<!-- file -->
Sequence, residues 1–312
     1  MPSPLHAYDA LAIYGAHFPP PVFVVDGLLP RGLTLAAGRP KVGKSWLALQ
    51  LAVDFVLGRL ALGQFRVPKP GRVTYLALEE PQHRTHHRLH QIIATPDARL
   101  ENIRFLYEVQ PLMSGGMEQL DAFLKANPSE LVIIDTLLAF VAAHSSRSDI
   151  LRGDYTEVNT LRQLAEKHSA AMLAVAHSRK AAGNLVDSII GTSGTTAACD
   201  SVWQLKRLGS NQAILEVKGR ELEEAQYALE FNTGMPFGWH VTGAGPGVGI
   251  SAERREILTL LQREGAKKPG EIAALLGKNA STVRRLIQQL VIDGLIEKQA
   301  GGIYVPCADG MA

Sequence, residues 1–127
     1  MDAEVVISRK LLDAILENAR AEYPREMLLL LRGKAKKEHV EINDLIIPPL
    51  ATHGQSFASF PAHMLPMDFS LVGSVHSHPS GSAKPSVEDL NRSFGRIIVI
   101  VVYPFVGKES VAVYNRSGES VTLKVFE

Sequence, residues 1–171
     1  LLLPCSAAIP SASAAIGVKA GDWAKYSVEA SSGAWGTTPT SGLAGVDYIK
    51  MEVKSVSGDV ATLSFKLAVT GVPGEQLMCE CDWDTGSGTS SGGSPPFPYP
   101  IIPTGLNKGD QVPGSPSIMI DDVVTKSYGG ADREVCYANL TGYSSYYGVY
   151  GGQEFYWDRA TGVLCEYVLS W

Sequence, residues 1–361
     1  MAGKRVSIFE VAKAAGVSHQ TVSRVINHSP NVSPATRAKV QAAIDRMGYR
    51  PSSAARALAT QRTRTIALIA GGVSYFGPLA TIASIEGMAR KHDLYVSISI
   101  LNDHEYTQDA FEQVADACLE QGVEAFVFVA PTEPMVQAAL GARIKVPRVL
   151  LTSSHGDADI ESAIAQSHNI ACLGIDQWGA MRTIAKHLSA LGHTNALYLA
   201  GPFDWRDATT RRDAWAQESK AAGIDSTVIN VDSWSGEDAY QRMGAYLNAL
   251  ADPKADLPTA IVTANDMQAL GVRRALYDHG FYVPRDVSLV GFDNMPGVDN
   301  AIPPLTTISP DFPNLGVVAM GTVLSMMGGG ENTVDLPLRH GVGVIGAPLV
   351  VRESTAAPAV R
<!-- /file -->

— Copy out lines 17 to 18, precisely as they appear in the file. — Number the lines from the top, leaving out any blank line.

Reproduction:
   151  GGQEFYWDRA TGVLCEYVLS W

Sequence, residues 1–361